Many of us have at least daydreamed about buying a hybrid vehicle. There are a bunch to choose from, with more on the way, and they'll help us smile a little more when we pull up to the pump.
So why haven't more of us snapped up these vehicles already? Well, for one thing, the vehicles tend to cost more than their conventional counterparts. That hasn't changed too much lately, but what has changed is the cost of fuel -- it just seems to keep rising. And the more it does, the more attractive hybrids become, financially. In addition, carmakers have been offering some appealing incentives -- the current average is $1,638 -- to buyers of hybrids.
At MarketWatch.com, Andrea Coombes tackled this topic. In the recent past, she wrote, "Auto-research firms found it could take up to 15 years, depending on the model, of gas-pump savings to offset hybrids' higher sticker price." But today, she noted, it should take less than a year to break even, when you compare the cost of a Toyota
So things are changing. An article in the Tulsa World quotes some statistics from the National Automobile Dealers Association: "industrywide sales of hybrids increased about 22% last year, climbing from 206,000 units sold in 2005 to 252,000 in 2006."
Carmakers differ in how they deliver discounts on hybrids. Toyota, preferring not to offer explicit overall incentives, is lowering the cost of some of its options. Ford
Even Uncle Sam is offering discounts, in the form of tax rebates. Not everyone qualifies, and Toyota runs out of its allotted credits before the year is up, so if you're serious about buying a hybrid, and you want a Toyota, you may want to buy earlier in the year, rather than later.
What to consider
When you're doing your own math, consider how many miles you drive per year. The more you drive, the more attractive a hybrid should become. The Prius reportedly gets up to 60 miles per gallon (though when I poked around online, I found owners professing to be getting around 38 mpg to 52 mpg instead). Consider also where you think gas prices are heading. If you expect them to rise significantly and for the long haul, then hybrids should be much more compelling. Another factor is your next-best idea. If you want to drive either a hybrid or a Hummer, the hybrid should prove much more economical. If you're comparing a hybrid with an already rather fuel-efficient vehicle, such as a Civic, the decision is less of a slam-dunk.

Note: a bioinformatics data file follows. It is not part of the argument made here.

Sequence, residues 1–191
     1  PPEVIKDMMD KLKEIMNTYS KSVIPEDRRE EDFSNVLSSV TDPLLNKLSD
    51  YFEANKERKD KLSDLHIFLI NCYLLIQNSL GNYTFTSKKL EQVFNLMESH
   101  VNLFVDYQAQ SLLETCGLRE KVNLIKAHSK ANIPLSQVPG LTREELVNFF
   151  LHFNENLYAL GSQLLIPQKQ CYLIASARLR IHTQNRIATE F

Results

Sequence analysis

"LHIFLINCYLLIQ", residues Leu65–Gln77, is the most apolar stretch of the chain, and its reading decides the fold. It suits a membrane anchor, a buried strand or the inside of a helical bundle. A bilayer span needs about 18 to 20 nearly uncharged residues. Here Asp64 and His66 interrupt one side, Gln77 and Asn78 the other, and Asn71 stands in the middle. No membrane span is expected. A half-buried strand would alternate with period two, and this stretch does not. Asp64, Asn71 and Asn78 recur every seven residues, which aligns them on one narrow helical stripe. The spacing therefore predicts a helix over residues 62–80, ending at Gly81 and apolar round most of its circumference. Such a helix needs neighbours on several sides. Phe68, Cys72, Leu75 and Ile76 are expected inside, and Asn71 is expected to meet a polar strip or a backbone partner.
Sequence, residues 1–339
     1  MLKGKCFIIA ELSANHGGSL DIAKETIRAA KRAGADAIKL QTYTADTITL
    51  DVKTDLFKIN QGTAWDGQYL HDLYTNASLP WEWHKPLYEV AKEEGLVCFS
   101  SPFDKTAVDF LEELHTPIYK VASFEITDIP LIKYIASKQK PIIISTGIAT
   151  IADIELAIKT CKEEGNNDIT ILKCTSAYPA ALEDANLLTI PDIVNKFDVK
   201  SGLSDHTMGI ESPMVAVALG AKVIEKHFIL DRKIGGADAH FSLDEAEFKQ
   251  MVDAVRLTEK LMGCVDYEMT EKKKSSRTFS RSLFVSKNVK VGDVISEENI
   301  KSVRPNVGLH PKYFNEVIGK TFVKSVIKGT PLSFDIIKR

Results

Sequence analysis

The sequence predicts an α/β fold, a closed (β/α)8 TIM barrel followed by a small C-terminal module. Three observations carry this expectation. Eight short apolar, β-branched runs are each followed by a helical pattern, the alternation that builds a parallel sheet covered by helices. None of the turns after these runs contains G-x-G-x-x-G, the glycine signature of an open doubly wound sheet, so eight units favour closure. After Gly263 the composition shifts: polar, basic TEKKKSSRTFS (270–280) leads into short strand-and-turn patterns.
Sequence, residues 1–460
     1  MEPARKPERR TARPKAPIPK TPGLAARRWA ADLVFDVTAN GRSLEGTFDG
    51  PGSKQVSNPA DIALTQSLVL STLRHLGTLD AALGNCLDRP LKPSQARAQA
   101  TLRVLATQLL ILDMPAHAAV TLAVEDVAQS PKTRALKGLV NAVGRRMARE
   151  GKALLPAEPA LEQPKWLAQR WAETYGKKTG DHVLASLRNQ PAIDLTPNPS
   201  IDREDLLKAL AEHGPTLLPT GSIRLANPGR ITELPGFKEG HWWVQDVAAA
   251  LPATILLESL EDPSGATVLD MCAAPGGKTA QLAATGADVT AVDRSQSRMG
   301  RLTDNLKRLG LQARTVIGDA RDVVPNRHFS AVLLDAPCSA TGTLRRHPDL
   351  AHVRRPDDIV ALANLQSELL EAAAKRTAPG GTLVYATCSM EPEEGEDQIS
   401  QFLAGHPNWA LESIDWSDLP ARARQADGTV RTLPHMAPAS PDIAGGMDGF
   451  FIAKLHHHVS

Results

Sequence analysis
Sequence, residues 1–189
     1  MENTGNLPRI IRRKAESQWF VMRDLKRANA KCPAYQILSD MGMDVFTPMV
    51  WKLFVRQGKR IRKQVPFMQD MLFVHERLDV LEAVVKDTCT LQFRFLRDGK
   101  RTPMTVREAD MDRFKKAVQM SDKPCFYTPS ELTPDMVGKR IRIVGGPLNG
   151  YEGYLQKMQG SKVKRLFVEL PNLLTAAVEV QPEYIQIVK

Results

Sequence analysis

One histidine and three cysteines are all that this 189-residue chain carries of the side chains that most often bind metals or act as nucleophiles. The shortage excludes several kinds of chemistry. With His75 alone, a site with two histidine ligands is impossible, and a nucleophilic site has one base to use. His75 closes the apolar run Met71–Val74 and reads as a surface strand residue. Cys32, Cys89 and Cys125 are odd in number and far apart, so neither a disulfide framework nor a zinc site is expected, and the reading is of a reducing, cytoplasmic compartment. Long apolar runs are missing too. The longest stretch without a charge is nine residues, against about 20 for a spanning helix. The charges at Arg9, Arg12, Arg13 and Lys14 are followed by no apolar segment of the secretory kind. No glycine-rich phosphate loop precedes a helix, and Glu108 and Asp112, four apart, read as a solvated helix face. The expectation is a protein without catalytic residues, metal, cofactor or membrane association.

Other considerations, Coombes reminds us, include insurance costs -- which could be either higher or lower with a hybrid -- and expected repair costs.
In the meantime
Even if you dismiss or delay buying a hybrid, you can still save money on gas. Just employ a few good habits, such as keeping your speed down, accelerating slowly and not having to brake too hard, keeping your tires inflated properly, putting your gas cap on tightly, having a clean air filter and spark plugs, getting tune-ups on schedule, and not driving around with your anvil collection in the trunk.
If you do want to investigate the possibility of getting a new car, do your homework. You can learn more about buying a car in our Buying a Car area. Check out our Insurance Center, too -- it offers a lot of money-saving tips for insuring your new purchase. You might also want to check out car vendors such as CarMax
For more straight talk about money and how to keep more of it in your pocket while still making the most of life, check out our personal-finance newsletter service, Motley Fool Green Light. You can try it free for 30 days, with full access to all past issues, and there's no obligation.